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Thread: Early female fell runner

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    Early female fell runner

    The Cilcain Mountain Race has been held annually since 1973, which would appear to make it the second-oldest fell race in Wales (after the 1000m Peaks), although it didn't start appearing in the FRA Calendar until some time in the 1980's, and Bill Smith appeared unaware of its existence when he wrote Studmarks. However, according to the Cilcain Show website, the first race was held in 1960 (and there is no mention of any races between 1961 and 1972). There is a rather interesting sentence about the 1960 race on the webpage about the Show's history:

    The outright winner was George Young (45) of Chorley, second Harry Williams (20), the Crown, third John Beach (21) the Homestead (now Ty Coch) and First Lady was Susan Beach (14).

    Apart from the revelation that Darren Fishwick is not the first elite veteran fell runner to come out of Chorley, what caught my attention was the mention of the First Lady. Less celebrated than the feat of 16-year-old Kathleen Connochie in finishing the Ben Nevis Race five years before, we have an even younger lady racing up and down Moel Famau. She would appear to be a local, presumably the sister of the man who finished third. There is no hint in the report of any controversy (as there was in the case of Kathleen Connochie). There is no mention of any other female runners (it just says that there were 19 runners), and the website doesn't have an archive of results, so I don't know if women were running when the race was revived in 1973.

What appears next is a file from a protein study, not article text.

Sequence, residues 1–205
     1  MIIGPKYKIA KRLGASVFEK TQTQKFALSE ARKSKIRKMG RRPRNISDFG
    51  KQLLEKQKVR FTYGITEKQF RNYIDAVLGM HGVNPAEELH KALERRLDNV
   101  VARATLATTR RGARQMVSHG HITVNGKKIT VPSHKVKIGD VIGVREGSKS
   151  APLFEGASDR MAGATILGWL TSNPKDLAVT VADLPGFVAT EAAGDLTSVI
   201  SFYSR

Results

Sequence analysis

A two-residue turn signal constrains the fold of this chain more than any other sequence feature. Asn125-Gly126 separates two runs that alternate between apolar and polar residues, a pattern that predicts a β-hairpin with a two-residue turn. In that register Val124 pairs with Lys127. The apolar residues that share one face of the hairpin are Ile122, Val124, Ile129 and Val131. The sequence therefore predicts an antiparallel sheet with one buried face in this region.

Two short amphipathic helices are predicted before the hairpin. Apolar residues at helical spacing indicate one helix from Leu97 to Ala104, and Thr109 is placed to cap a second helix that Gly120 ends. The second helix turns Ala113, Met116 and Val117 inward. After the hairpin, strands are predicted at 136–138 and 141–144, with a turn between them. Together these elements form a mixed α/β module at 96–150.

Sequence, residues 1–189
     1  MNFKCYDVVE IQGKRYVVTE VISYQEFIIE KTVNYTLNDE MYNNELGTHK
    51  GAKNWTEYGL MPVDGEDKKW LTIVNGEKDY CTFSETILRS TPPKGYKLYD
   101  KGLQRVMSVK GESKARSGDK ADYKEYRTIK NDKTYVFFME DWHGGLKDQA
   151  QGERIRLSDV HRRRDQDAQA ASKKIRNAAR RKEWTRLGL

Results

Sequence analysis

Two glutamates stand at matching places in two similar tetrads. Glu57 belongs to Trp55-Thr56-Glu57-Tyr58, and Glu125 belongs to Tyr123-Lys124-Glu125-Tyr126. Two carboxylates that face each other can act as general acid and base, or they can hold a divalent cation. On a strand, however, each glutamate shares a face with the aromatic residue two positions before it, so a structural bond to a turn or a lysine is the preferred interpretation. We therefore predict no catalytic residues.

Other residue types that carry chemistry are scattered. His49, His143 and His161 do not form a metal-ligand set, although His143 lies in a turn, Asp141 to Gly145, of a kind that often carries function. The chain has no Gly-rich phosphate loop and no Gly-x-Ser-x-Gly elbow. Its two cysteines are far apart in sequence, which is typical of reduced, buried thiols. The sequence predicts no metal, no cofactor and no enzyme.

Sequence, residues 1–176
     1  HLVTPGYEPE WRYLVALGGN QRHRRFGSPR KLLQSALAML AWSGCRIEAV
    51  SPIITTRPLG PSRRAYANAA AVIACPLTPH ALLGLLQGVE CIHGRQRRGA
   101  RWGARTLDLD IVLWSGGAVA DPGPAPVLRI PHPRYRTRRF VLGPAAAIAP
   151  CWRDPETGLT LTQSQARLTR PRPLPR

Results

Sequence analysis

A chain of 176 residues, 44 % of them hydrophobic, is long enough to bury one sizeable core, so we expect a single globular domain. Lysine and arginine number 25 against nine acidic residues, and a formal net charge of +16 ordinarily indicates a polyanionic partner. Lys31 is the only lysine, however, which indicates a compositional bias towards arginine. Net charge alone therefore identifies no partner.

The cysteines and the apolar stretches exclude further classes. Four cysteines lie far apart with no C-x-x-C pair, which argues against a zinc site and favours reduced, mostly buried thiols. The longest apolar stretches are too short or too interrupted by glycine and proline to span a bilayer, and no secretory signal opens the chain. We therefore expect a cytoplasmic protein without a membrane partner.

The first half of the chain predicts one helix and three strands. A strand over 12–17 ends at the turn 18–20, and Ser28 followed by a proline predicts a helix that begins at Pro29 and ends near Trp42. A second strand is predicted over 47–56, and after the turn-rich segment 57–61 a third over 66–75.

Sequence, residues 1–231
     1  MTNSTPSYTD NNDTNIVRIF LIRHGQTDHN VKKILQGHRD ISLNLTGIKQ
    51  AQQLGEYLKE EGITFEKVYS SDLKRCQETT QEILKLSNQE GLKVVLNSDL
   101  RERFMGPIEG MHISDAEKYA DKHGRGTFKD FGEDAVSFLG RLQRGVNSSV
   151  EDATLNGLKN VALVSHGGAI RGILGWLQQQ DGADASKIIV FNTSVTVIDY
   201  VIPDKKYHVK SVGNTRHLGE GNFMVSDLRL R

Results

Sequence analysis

It is interesting to note how young both Susan Beach and Kathleen Connochie were. Was it maybe considered acceptable for young girls to do such athletic activities but still frowned on for grown women to behave in this way?
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    Senior Member Steve Chilton's Avatar
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    Interesting point, Anthony.
    There were female entrants in fell races before the Connochie controversy of 1955. As I noted in 'It's a hill, get over it': "The Lake District Mountain Trail had actually added ladies’ races in 1953 and 1954, but attracted few entrants and it wasn’t a success." Bill Smith in Studmarks notes for the 1953 (Coronation) LDMT: "There was also a ladies race this year which went up Rossett Gill, across Esk Pike and Bowfell and back down the Band. There were 4 competitors, of whom Jane Allesbrook of Cark-in-Cartmel was easily the fastest in 2-14.39, being accompanied by her two dogs; and she was followed by 17-year-old C.H. Mawson of Windermere in 2.46.12 .....".
    NB: only 15 runners started the men's event that year.
    One of the 20 runners in the first LDMT (also in Langdale) in the first year of 1952 was 16-year-old Peter Fleming, who finished 4th after going off first in the staggered start for the 16 mile course.
    All this in a climate where the Olympic Games didn't even include the 800m as it was 'too dangerous for women to run' (after having been included in 1928, and eventually being re-introduced in 1960).

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    Yes Steve, there is an interesting disconnect between attitudes to women in orienteering-style events like the LDMT and in what might be called standard fell races. Was this because the latter were governed by the Athletics authorities (e.g. AAA in England) which, as you point out, still maintained rather 19th-century attitudes well into the 20th century?
    In his lifetime he suffered from unreality, as do so many Englishmen.
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  4. #4
    Quote Originally Posted by anthonykay View Post
    Yes Steve, there is an interesting disconnect between attitudes to women in orienteering-style events like the LDMT and in what might be called standard fell races. Was this because the latter were governed by the Athletics authorities (e.g. AAA in England) which, as you point out, still maintained rather 19th-century attitudes well into the 20th century?